June 10 to July 25, 2021
(Corinne Bourget & Niki Jessup)
Julie Bénédicte Lambert
(Sophie Gailliot & Richard Pontais)
Claire Kusy & Anne Moyse
Conversation (\ ˌkän-vər-ˈsā-shən), n. (1) A discussion with someone about a particular subject; (2) Exchange of sentiments, observations, opinions, or ideas; (3) Informal interchange of thoughts, information, etc., by spoken words; oral communication between persons.
For the third instalment of the POP-UP series, we wanted to explore the idea of a conversation in space. This concept is so ingrained in our everyday lives that we do not necessarily think about all its implications. A simple conversation can often affect our actions and/or decisions. The word conversation can refer to an exchange of views, a way of expressing oneself—in our case, a way of creating or making—an association of ideas, or a way of making connections. We see three levels of conversation in the exhibition: (1) between La Guilde, the Centre des métiers du cuir de Montréal, and the Centre des textiles contemporains de Montréal, (2) between the works, and (3) between the audience and the exhibition. We do not see any division between the twelve artists, working with leather and textiles, as they all add to these conversations we just began. The exhibition highlights the mediums of leather and textile, their textures, colours, and related techniques to create connections between the works of many functions.
Conversation is the first exhibition on which the two schools have collaborated and the first of its kind at La Guilde. The pandemic allowed us to reach out to our partners in Craft and make our space available to feature local artists and their practices. The exhibition also comes at a good moment for the artists who are exhibiting their creations, as it represents the courage, pride, and resilience of these women in these troubled times of pandemic. These artists imagine, create, and craft with passion. The exhibition celebrates the local skills and techniques required to produce high quality, contemporary pieces.
Leather as part of the exhibition :
Leather, integral to our daily lives, is found in many different kinds of durable and functional objects. Beautiful and appealing, leather reveals an artist’s creativity and skill. In this exhibition, we present three leather professions: fine leather accessory making, sheathing, and shoemaking. Several essential techniques are performed in the practice of these trades:
Double needle hand stitch (with a stitching clamp) or machine stitch (with different types of leather sewing machines) allow for the assembly of leather components required in the making of items (shoes, briefcases, lamps, handbags, etc.).
Raw edge assembly refers to the clicking (cutting) of the leather, contouring the leather using a creasing iron, and applying edge dye.
Folded edge assembly refers to skiving (thinning) the edge of the leather either by hand or by machine and folding it over along the skived length, thus avoiding excessive thickness of the leather.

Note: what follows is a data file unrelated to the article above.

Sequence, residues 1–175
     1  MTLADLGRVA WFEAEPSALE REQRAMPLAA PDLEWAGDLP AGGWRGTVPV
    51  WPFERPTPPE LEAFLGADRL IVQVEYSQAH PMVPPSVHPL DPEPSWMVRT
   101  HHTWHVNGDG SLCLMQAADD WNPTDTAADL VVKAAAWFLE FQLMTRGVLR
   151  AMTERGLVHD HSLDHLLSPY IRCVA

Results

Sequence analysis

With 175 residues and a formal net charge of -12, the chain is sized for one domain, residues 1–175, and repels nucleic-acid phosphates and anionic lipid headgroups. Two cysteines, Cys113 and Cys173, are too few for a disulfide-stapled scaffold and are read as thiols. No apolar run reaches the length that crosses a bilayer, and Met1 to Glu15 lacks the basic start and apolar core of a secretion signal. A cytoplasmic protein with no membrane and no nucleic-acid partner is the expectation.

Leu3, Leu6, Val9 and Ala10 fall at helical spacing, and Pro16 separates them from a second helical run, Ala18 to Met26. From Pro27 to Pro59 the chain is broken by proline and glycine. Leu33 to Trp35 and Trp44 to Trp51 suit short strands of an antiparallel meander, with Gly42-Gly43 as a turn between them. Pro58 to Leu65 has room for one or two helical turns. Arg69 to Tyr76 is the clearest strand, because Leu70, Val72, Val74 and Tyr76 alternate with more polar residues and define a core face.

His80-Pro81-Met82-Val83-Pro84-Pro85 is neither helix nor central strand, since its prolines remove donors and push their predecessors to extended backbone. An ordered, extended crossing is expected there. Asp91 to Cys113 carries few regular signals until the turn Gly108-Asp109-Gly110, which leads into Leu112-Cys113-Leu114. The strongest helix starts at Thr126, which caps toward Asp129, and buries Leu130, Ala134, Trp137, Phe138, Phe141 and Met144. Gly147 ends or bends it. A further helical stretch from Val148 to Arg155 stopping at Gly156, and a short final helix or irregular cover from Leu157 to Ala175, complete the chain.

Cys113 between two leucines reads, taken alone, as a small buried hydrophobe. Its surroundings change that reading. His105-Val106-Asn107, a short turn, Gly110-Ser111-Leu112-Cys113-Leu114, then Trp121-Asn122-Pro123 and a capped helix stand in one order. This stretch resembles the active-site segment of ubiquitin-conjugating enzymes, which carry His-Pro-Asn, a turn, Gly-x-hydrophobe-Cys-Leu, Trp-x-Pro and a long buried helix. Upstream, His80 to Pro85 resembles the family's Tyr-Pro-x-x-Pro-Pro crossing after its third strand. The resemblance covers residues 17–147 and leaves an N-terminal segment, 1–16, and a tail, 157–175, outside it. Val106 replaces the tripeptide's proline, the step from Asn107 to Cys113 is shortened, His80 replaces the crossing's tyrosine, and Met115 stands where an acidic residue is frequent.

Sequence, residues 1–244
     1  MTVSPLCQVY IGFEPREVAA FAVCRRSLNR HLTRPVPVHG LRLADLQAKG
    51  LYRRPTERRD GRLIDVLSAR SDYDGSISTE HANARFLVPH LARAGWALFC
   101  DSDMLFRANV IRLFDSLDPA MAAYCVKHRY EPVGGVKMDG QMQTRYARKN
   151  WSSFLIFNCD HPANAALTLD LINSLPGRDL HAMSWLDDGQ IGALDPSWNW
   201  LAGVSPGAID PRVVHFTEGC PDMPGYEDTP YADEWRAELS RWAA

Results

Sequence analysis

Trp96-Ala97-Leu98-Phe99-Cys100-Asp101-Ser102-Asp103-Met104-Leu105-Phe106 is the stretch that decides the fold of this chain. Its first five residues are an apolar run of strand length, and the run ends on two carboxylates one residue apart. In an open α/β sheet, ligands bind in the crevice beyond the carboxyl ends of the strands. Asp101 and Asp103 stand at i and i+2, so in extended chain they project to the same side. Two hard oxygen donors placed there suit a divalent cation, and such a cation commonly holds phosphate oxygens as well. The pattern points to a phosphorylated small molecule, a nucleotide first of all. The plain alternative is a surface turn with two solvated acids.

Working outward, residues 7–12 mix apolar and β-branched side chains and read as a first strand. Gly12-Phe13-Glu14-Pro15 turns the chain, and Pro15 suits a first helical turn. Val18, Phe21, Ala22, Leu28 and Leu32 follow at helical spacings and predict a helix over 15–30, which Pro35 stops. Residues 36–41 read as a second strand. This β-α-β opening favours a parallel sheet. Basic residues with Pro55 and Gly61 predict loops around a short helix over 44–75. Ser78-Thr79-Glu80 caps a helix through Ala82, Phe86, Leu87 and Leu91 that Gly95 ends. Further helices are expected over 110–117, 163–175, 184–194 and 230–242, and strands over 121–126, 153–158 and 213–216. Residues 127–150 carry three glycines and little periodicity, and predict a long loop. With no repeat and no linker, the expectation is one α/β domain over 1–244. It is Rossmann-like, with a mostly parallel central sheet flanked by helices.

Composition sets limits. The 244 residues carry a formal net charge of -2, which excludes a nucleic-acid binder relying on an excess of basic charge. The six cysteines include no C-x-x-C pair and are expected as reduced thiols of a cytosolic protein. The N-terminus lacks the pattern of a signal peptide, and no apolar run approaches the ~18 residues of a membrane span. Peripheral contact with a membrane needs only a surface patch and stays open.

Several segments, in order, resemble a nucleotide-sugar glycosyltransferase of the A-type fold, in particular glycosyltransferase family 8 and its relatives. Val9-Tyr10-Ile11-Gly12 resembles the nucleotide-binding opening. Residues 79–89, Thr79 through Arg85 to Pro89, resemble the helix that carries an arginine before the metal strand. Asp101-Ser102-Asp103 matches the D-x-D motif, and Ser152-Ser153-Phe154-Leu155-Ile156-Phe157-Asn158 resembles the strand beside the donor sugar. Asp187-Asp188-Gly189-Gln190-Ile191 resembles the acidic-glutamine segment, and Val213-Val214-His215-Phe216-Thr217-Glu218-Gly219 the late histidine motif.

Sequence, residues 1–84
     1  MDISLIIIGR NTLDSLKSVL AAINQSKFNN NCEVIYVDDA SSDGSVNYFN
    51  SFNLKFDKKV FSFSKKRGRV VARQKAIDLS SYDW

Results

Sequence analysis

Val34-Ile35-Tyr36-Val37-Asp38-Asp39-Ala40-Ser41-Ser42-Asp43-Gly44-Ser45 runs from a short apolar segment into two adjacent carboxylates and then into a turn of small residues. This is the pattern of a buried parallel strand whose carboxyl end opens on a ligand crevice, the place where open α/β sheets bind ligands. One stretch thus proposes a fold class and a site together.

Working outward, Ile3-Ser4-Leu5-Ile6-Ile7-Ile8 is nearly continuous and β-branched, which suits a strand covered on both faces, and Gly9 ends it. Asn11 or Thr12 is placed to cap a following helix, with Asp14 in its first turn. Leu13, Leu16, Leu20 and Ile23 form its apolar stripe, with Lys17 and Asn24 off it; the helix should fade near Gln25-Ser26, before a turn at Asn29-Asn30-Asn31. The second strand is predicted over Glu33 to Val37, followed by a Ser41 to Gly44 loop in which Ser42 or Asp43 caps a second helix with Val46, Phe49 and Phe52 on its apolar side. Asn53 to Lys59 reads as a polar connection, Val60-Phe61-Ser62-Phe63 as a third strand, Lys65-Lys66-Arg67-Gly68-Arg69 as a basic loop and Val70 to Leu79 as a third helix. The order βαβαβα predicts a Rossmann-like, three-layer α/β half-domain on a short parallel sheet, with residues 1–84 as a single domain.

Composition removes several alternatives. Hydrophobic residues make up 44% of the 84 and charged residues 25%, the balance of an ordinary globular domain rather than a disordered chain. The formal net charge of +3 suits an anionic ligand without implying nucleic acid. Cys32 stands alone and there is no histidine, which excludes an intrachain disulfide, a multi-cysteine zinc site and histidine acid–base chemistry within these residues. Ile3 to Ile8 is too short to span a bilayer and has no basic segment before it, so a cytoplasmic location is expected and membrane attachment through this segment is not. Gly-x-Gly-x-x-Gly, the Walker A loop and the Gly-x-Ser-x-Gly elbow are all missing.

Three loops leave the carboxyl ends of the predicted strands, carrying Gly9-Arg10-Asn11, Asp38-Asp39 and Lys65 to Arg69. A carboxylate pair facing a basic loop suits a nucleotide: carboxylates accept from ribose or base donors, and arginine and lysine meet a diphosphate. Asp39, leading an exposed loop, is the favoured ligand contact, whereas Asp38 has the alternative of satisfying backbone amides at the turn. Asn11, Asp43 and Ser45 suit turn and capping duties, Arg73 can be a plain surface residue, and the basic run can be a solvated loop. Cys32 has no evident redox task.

Sheathing involves the enveloping of objects (such as boxes and cases) in leather with gluing techniques.
Textile in the exhibition :Working with textiles requires the knowledge of many techniques, which may be surprising in their diversity and complexity. Some of the artists in the exhibition apply more than one of these techniques in their works:
Basketry is the art or practice of making objects that are woven using thin, flexible rods often made of plant fibres (i.e. wicker baskets).
Weaving refers to the making of fabric by interlacing warp and weft threads, usually using a loom.
Spinning refers to the action of transforming fibres (filaments) into thread or yarn with a spinning wheel.
Knitting is done by hand, using needles or a machine, and produces a knitted fabric made of wool and cotton, among other materials.
Embroidery refers to the art of applying stitches to fabric with a needle to create precise designs.
As part of Conversation, we invite you to explore the textures, techniques, and mediums used. Were you drawn to a specific section when you entered the space? Were you surprised by the use of a technique in one artist’s work? Did your perception of any of the mediums presented change as a result of your visit? Here’s a great opportunity to start a conversation with our artists!
Our partners :
The Centre des métiers du cuir de Montréal (CMCM) (CMCM) is the only school of its kind in Quebec and in Canada offering specialized college education in fine leather craftsmanship (DEC en métiers d’art – spécialisation maroquinerie 573.AG). It is done in collaboration with the Institut des métiers d’art - Cégep du Vieux Montréal. The CMCM is also the beneficiary of a generous grant from the Ministère de la Culture et des Communications allowing the CMCM to carry out its mission as an art education institution.
The Centre des textiles contemporains de Montréal (CTCM) (CTCM) mission is to provide professional instruction in the skills required for the design and production of textiles. As a studio and school, the CTCM encourages initiation, experimentation, research and continuing training in textile creation. It works with professionals, semi-professionals and amateurs.